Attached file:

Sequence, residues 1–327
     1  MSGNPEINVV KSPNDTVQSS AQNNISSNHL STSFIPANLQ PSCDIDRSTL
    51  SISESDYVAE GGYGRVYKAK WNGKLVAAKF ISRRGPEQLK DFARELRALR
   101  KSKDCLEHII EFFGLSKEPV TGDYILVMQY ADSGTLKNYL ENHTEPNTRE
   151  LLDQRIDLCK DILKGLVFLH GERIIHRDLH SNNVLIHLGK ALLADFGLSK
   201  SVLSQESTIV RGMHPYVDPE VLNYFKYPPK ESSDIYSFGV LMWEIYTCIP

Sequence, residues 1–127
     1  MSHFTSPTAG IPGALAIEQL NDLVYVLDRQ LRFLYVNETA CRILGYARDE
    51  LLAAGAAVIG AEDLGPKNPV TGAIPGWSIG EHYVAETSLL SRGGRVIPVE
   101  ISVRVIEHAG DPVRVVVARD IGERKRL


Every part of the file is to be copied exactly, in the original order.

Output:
Sequence, residues 1–327
     1  MSGNPEINVV KSPNDTVQSS AQNNISSNHL STSFIPANLQ PSCDIDRSTL
    51  SISESDYVAE GGYGRVYKAK WNGKLVAAKF ISRRGPEQLK DFARELRALR
   101  KSKDCLEHII EFFGLSKEPV TGDYILVMQY ADSGTLKNYL ENHTEPNTRE
   151  LLDQRIDLCK DILKGLVFLH GERIIHRDLH SNNVLIHLGK ALLADFGLSK
   201  SVLSQESTIV RGMHPYVDPE VLNYFKYPPK ESSDIYSFGV LMWEIYTCIP

Sequence, residues 1–127
     1  MSHFTSPTAG IPGALAIEQL NDLVYVLDRQ LRFLYVNETA CRILGYARDE
    51  LLAAGAAVIG AEDLGPKNPV TGAIPGWSIG EHYVAETSLL SRGGRVIPVE
   101  ISVRVIEHAG DPVRVVVARD IGERKRL